In addition to budget and timeline, consider the timing of your training. Avoid busy seasons, layoff periods, upsizings and other stressful times. Get input from all parts of the company as to what times work best for them.
7. What is the history and reputation of training in your company?
Waiting in the registration line for a training program, I struck up a conversation with the woman behind me. "Excited about today's program?" ! asked. "No," she answered. "I wanted to attend a different program, but my boss made me come here." The boss, she explained, was a "disciple" of the program we were attending. He "didn't understand the other program would give me real tools to do my job."
Unfortunately, this scene is enacted time and time again. Executives get enamored with a vendor, and before you can say "miracle cure," a training program has been bought. No wonder Bob Pike says, "Many employees see training in one of three ways: as a reward, as a punishment, or as a way to get rid of someone. Few see it as an investment."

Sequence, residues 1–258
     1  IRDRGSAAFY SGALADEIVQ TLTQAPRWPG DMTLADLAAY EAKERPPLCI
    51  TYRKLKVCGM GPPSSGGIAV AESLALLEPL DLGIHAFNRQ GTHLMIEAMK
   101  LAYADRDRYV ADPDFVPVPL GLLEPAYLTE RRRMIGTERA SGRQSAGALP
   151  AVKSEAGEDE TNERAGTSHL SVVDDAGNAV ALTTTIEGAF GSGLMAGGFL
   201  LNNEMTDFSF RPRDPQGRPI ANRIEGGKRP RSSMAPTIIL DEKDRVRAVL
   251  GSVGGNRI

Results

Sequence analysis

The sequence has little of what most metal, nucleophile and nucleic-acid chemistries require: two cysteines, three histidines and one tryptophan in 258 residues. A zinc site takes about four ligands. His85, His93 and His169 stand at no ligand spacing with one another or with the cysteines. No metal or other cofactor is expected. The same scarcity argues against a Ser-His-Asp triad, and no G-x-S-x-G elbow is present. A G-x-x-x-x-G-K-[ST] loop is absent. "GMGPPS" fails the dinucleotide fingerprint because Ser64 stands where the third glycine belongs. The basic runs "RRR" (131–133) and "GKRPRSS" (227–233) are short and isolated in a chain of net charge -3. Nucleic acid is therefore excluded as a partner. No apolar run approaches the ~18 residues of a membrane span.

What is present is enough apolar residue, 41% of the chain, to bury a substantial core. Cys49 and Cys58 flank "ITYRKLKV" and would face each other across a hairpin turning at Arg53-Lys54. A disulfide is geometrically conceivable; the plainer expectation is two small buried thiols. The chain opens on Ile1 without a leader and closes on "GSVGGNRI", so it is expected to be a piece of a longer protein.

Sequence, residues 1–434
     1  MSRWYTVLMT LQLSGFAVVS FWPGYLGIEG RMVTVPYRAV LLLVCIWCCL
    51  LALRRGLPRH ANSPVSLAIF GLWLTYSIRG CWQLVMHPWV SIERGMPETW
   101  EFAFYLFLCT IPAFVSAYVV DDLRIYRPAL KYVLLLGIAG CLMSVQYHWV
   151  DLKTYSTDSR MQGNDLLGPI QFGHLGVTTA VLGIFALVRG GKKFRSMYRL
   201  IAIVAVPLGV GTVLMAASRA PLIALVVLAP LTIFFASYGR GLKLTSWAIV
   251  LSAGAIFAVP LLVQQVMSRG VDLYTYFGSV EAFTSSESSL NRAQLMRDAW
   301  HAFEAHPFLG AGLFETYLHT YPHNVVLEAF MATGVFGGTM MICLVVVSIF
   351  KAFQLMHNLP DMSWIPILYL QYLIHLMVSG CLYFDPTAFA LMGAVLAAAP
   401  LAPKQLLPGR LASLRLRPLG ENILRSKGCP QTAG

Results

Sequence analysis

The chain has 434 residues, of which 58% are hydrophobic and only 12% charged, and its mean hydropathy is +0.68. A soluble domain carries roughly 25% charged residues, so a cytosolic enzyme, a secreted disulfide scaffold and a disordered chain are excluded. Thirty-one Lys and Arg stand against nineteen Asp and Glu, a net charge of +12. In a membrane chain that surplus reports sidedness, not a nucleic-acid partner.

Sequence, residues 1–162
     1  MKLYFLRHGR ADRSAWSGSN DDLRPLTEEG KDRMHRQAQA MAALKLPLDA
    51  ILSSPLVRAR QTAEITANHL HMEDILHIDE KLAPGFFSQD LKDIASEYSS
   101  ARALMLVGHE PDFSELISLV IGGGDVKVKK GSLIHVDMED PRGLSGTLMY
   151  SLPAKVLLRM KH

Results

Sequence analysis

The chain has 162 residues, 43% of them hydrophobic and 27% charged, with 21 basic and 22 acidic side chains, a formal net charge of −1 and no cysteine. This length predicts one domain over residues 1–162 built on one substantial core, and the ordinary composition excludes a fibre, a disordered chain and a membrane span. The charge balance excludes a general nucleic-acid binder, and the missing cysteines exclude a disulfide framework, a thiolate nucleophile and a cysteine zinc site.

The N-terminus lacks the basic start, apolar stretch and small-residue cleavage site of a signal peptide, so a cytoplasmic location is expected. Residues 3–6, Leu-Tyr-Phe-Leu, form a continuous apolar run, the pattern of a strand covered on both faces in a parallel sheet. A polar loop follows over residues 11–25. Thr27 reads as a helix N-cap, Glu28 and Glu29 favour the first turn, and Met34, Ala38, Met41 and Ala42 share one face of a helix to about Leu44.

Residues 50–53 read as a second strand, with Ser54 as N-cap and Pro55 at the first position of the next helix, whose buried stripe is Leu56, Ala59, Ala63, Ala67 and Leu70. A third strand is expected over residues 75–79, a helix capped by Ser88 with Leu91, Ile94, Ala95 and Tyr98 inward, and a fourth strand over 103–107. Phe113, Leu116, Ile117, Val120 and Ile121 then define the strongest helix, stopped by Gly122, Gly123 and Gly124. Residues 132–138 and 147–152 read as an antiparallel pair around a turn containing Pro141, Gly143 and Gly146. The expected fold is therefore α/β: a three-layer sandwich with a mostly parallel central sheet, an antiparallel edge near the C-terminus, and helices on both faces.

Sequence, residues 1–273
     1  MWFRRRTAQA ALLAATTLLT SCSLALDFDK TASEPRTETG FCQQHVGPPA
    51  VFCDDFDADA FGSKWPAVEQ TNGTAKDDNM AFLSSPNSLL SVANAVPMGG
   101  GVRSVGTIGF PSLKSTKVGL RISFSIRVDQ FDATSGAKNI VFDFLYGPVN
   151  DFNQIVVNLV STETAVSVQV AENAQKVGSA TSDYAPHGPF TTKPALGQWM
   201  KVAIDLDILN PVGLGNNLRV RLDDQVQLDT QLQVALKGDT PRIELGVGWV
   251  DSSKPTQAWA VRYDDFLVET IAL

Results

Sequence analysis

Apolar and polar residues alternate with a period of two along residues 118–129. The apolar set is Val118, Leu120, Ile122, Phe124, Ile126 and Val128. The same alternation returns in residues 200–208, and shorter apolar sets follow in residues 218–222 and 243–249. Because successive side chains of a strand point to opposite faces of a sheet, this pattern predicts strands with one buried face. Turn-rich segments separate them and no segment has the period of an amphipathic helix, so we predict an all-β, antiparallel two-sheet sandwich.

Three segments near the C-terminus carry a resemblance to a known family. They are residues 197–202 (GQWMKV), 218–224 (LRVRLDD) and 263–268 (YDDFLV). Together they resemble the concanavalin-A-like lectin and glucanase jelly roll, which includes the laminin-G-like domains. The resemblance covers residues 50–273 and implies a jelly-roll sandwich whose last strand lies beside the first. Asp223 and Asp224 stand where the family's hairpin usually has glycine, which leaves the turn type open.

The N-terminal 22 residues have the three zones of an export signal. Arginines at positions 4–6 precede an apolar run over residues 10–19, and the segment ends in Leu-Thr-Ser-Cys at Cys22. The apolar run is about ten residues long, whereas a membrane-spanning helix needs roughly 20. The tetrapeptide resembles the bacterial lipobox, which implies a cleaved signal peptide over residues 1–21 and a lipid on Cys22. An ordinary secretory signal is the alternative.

Fortunately, there are steps you can take to increase the odds that employees will embrace training:
1. Ask for employee input before choosing a training program.
2. Create a track record of effectiveness by starting small. Richard Chang, newly hired as training director for a large corporation, envisioned a worldwide program he hoped to design. However, during his first day, a warehouse manager told him the company desperately needed training for forklift drivers. It wasn't the high-level, high-impact training Chang had in mind. But he provided the forklift program, and an interesting thing happened: The program's results were so immediate and measurable that they gave his entire department a credibility boost.